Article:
Your latest album was released by Relapse Records, a respected and experienced label that has been around for almost a quarter of a century. Please, tell us how the deal happened as well as how satisfied you are with the label. Do you think that being on a big label makes you feel like being “just one more band of the roster”?


Relapse has been great to us. The deal came after some friends of ours sent the rough mixes of Sky Burial to them. I guess Relapse decided to completely overlook the fact that we are one of the worst bands on the planet and give us a shot. I don’t think of Relapse as a big label because in reality they aren’t. They are easy to contact and work with. If you call them you’ll get a human on the other end of the line. Relapse still puts out a lot of records by bands solely because they want to, not because they think they are going to be the next big “cash cow”. Some of my favorite records ever have been put out by Relapse. Have you ever listened to People’s People EP? It’s a fucking masterpiece.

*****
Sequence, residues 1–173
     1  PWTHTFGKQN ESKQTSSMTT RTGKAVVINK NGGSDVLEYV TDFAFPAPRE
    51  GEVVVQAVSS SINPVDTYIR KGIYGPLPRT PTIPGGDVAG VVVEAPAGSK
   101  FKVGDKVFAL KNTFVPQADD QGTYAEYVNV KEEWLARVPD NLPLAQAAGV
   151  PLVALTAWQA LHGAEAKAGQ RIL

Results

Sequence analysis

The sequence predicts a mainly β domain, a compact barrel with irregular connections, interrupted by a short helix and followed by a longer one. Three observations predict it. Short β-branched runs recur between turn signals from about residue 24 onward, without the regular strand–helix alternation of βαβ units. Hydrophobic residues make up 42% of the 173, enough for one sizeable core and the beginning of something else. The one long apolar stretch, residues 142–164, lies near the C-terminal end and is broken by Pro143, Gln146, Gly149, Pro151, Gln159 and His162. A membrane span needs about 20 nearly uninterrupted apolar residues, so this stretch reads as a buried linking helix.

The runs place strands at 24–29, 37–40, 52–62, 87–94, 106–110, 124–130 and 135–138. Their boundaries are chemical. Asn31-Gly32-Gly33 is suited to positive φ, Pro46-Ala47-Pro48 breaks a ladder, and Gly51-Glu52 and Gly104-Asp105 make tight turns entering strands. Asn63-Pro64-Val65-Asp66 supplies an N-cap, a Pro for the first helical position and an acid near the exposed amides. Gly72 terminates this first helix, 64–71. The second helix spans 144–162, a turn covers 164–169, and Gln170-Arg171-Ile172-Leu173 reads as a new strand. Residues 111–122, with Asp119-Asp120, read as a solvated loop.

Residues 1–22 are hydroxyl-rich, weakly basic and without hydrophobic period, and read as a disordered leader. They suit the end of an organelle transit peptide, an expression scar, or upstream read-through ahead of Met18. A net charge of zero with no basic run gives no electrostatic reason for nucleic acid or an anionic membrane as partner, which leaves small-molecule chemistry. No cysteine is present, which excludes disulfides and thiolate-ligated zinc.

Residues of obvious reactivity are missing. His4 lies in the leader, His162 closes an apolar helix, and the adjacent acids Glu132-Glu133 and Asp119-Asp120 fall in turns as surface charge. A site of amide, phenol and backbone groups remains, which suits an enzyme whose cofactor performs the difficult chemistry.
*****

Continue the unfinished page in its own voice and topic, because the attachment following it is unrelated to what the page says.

As a musician and as a human being, what was it about metal that drew you in? What age did you get in touch with metal music and when did you decide that you would become a musician?


Cliché as it sounds, heavy metal’s macabre imagery and musical extremity is what drew me in. I have always been fascinated with extremity, especially in a musical/artistic context. I love raw black metal/death metal, power electronics…just real rotten sounding stuff. I can’t stand happy music. I never have and I probably never will. I was very young when I got into heavy metal. I was in my mid-teens when I first started to feel like I wanted to “ruin” my life by traipsing around the world “playing” in heavy metal bands.


Personally, how do you feel about the music industry nowadays? How can a band overcome the problem of illegal downloads? Working on different editions, such as vinyl to appeal the fans, playing live more often, selling merchandising? And what would be your main suggestions to a band of young people that is just starting, trying to make it out there, to get a deal with a label?